PARIS, April 10, 2020 (BSS/AFP) – Paris Saint-Germain president Nasser al-Khelaifi has been accused of becoming embroiled in a conflict of interest in a dispute over television payments to French football clubs facing a financial crisis in the coronavirus pandemic.
Al-Khelaifi, 46, is the public face of the Qatari ownership of PSG which has transformed them into one of Europe’s most powerful clubs.
He is also the head of BeIN Media Group, who as one of the chief broadcasters of France’s Ligue 1 have withheld the latest payment due to clubs because of the ongoing suspension of the season. Canal Plus, who pay the most for broadcast rights, have done the same.
Despite that, Al-Khelaifi has been mandated by the French league (LFP) along with three other club presidents to lead negotiations with Canal Plus in an attempt to convince them to pay up.
The president of the company who have bought the rights to show Ligue 1 games from next season blasted Al-Khelaifi in an interview published on Thursday.
“I don’t understand how Nasser can be leading a negotiation when he is an interested party,” Jaume Roures of the Spanish group Mediapro told sports daily L’Equipe.
“It is incomprehensible. The attitude of Canal Plus and beIN towards the league is also Nasser’s attitude. He is not a third party who has come out of nowhere.”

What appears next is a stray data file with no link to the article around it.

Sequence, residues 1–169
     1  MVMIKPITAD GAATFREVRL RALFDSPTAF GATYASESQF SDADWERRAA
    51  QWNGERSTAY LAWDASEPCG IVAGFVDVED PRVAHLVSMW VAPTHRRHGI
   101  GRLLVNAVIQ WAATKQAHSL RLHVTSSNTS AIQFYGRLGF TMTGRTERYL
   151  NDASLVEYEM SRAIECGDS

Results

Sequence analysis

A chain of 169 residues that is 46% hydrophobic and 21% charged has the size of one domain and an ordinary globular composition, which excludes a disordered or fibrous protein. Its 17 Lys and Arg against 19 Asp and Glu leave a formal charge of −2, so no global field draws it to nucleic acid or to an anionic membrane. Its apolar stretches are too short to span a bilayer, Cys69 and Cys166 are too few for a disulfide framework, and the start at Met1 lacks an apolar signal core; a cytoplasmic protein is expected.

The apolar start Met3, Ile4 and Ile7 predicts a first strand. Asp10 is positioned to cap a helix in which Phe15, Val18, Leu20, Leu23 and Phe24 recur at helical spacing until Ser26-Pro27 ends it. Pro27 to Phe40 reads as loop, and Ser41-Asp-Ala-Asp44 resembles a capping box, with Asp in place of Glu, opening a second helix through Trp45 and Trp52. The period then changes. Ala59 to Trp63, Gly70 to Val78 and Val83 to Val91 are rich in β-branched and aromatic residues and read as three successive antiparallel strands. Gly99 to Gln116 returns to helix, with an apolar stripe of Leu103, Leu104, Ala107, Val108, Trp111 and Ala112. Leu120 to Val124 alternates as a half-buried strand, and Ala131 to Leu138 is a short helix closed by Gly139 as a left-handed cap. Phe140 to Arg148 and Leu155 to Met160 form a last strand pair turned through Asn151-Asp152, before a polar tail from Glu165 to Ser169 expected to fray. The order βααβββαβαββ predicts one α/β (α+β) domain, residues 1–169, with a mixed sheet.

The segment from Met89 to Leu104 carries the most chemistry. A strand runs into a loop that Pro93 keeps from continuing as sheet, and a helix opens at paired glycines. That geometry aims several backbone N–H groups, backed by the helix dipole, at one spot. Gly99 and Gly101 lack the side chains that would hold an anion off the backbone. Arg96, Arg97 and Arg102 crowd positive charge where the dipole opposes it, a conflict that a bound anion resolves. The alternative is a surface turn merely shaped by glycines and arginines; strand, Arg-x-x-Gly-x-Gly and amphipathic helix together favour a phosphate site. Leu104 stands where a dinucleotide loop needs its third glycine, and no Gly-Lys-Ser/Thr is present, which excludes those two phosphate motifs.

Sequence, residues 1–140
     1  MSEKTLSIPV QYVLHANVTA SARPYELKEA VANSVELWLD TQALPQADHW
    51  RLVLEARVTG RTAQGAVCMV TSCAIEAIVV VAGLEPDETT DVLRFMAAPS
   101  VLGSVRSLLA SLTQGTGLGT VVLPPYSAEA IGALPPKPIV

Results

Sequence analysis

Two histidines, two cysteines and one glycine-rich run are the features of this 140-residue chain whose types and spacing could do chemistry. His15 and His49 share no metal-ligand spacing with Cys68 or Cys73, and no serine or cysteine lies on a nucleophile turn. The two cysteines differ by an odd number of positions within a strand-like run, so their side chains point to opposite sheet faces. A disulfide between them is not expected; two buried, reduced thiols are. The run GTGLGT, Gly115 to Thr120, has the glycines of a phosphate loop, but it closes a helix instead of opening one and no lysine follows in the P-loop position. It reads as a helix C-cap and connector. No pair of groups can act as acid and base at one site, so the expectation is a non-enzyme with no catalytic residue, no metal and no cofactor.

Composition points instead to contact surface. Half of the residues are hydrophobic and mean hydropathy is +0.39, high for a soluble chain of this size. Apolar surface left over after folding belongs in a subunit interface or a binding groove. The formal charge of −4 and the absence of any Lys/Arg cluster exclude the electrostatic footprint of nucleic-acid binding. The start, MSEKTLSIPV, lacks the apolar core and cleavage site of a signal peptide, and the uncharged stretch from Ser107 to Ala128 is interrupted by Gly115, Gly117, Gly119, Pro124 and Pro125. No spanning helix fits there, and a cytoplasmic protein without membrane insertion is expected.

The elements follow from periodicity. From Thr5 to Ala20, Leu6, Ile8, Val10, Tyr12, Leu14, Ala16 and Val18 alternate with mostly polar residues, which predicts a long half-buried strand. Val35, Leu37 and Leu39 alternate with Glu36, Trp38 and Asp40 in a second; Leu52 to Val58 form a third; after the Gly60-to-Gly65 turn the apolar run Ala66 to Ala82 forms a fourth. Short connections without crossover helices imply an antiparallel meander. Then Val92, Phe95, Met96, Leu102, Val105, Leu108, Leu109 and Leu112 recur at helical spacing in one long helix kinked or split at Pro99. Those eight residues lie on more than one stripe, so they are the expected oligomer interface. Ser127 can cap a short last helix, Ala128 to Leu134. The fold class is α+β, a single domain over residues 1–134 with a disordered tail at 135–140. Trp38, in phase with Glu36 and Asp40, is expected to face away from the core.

BeIN held back paying an instalment of 42 million euros to the LFP for the rights to broadcast games. That was after Canal Plus said they would not pay 110 million euros ($121 million) due this month.
The money due from Canal Plus represents 15 percent of the total broadcast money for the season in Ligue 1, and includes 43 million euros due for matches shown before the campaign was suspended on March 13.
Mediapro, which is Chinese-owned, bought up the bulk of the domestic rights to Ligue 1 for four years starting next season. The total deal is worth a record 1.15 billion euros a year, with beIN paying a minority of that amount.
Viewers wishing to watch beIN Sports will need a Canal Plus subscription. Roures called it a “strategic alliance” between the two companies.
– Crisis very real –
The crisis is very real for the clubs, who are left wondering what will happen if the season does not resume.
Payments from television amounted to 36 percent of total revenue for Ligue 1 teams last season, by far their biggest source of income.
However, leading voices at other clubs have dismissed fears of a conflict of interest in the case of Al-Khelaifi.
“Nasser did not put himself forward. We asked him. We need to be clear,” said Lille president Gerard Lopez.
Al-Khelaifi’s own club also risk taking by far the biggest hit if no more games are played — L’Equipe claimed PSG could lose 215 million euros between the loss of projected gate receipts and Champions League revenues.
PSG are the fifth richest club in the world going by the latest Deloitte Football Money League with revenue of 635.9 million euros last year, but their annual wage bill is an estimated 337 million euros.
“This is a very important period. The club’s future is not at stake, but our room for manoeuvre in the future is,” said one club source, and they could certainly do with the broadcast money.
Meanwhile, Roures insists his company will survive the impact of the current crisis, although it does not even yet have a channel set up to show games.
“I am not saying there is no impact, but we always respect our contracts,” he told L’Equipe.